CK: A number of scholars are more skeptical of the Gospels’ portraits of Jesus than the evidence warrants. If someone wrote a biography today about a figure who lived fifty years ago, we wouldn’t start with the assumption that events fifty years ago are shrouded in legend and therefore reject any claim that we could not prove. We might be more optimistic if it were verified elsewhere, but we wouldn’t have reason to simply dismiss its claims a priori unless we found consistent errors. Ancient biographies differed from modern biographies; many of the alleged “problems” in the Gospels fit ancient biographic and other ancient literary conventions. These may be problems for readers who want everything verbatim and in sequence but they are not problems from the standpoint of what the Gospels’ first audiences would have expected based on their experience with other works. Moreover, when you have biographies from the early Roman empire written within living memory of their subjects (as the Gospels are), these biographies are full of information and bound to sources. More often than not, we have good reason to believe that the authors believed that the events they reported actually happened. Are they likely correct in that assumption? Here I look at the character of ancient memory to address the oral period before the Jesus biographies.
Q3: After researching and writing this long book (!), what are lingering questions or perplexities you have about the genre of the Gospels?
CK: It’s not long compared to my Acts commentary. 🙂 Where does each Gospel writer lie on the spectrum of fidelity/fixity and flexibility that ancient biography allowed? Our recent work establishes some of the contours of the spectrum, but more research is needed. Each writer tweaks genre in their own ways. Luke combines biography and historiography (Luke-Acts). Mark may have never looked at another biography. There is material that Matthew and Luke share in common that focuses more on teaching, like collections of sages’ teaching. But after learning more about the sort of information that persists within living memory, I have become especially fascinated by early second-century Christian writers such as Papias and Polycarp. They did not write within living memory of Jesus, but they did write within living memory of the writing of our Gospels. What they tell us whets our appetite, and what they don’t is tantalizing. And of course there are new issues in historiography in general, from the importance of rhetoric to postmodern philosophic concerns about historiography. There are many more issues to be addressed.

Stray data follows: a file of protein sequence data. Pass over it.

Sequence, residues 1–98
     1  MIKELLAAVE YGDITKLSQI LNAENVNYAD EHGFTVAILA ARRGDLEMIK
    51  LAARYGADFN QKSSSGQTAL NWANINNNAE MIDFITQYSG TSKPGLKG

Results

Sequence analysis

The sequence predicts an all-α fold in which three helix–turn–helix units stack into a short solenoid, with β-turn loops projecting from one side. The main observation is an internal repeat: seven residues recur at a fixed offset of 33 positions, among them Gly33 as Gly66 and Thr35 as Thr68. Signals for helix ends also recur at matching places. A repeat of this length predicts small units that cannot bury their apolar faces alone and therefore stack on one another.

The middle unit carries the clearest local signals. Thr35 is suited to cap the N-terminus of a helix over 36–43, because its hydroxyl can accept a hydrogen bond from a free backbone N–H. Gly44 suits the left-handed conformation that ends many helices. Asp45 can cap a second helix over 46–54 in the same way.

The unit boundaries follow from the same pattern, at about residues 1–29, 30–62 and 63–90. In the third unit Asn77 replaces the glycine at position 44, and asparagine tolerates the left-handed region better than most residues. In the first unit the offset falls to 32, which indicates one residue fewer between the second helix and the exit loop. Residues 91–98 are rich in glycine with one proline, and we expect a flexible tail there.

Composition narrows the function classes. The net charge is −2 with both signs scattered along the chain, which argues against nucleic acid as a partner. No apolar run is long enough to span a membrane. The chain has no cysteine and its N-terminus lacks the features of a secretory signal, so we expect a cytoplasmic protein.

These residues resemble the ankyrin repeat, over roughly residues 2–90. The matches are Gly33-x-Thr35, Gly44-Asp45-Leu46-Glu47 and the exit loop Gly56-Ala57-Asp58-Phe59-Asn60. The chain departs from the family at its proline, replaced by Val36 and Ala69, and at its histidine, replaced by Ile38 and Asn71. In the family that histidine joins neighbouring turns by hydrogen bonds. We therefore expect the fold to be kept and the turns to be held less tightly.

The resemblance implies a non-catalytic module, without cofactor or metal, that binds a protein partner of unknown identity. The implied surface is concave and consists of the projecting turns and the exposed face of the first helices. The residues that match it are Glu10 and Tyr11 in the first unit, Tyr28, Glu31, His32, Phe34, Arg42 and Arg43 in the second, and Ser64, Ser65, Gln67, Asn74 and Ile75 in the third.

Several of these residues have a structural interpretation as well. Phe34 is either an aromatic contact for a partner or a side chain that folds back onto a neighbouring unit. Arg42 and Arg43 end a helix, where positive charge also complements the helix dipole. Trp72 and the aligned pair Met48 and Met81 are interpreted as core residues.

Q4: Now that this project is out, what are you working on next?
CK: In process is a one-volume, paperback version of my Acts commentary, with Cambridge; also a collection of essays on Acts, with Cascade; I am finishing up a commentary on 1 Peter for Baker Academic, and my biggest project, which should take a few years, is an ICC commentary on Mark for T&T Clark. So it might look like I have a lot coming out at the moment, but there will be some lean years ahead as I work on a long project. As I get older, time is an increasingly precious commodity. So much to do, and only so much time. May we number our days well and devote all our resources to what is of lasting value.
NKG: Thanks, Dr Keener, for sharing your thoughts.
CK: Thank you for interviewing me. Always a pleasure and a privilege to be with you, Nijay! Blessings!